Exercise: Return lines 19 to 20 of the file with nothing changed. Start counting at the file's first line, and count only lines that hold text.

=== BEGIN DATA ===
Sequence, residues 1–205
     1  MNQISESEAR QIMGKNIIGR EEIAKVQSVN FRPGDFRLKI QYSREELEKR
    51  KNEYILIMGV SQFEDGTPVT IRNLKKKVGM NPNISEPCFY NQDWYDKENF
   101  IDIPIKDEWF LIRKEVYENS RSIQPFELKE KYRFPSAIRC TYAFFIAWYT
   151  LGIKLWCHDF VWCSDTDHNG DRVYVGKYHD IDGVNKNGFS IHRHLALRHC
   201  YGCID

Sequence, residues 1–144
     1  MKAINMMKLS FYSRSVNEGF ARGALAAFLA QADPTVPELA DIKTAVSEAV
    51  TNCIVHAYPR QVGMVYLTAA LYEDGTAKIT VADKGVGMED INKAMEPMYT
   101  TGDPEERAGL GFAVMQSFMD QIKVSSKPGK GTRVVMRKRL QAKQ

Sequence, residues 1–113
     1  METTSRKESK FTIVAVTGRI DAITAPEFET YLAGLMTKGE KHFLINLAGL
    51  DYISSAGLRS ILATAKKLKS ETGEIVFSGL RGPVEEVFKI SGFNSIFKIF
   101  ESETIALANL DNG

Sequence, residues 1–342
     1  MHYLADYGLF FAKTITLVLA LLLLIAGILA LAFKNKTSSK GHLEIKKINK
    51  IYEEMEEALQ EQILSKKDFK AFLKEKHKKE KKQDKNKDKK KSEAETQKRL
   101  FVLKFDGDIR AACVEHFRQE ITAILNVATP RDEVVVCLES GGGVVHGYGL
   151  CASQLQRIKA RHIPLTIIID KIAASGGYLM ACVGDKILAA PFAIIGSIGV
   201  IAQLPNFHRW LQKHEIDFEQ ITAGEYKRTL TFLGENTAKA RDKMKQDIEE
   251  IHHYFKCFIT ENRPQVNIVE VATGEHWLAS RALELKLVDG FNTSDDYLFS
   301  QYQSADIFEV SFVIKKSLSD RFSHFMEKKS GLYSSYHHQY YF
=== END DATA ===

   151  CASQLQRIKA RHIPLTIIID KIAASGGYLM ACVGDKILAA PFAIIGSIGV
   201  IAQLPNFHRW LQKHEIDFEQ ITAGEYKRTL TFLGENTAKA RDKMKQDIEE